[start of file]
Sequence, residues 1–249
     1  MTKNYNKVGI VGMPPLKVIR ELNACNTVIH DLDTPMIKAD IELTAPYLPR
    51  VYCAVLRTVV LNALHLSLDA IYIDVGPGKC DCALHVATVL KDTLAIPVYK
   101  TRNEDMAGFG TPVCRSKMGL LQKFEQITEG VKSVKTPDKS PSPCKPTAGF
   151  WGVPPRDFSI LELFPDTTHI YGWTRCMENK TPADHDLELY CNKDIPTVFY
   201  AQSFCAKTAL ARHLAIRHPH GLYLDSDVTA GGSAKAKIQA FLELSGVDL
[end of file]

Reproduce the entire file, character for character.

Sequence, residues 1–249
     1  MTKNYNKVGI VGMPPLKVIR ELNACNTVIH DLDTPMIKAD IELTAPYLPR
    51  VYCAVLRTVV LNALHLSLDA IYIDVGPGKC DCALHVATVL KDTLAIPVYK
   101  TRNEDMAGFG TPVCRSKMGL LQKFEQITEG VKSVKTPDKS PSPCKPTAGF
   151  WGVPPRDFSI LELFPDTTHI YGWTRCMENK TPADHDLELY CNKDIPTVFY
   201  AQSFCAKTAL ARHLAIRHPH GLYLDSDVTA GGSAKAKIQA FLELSGVDL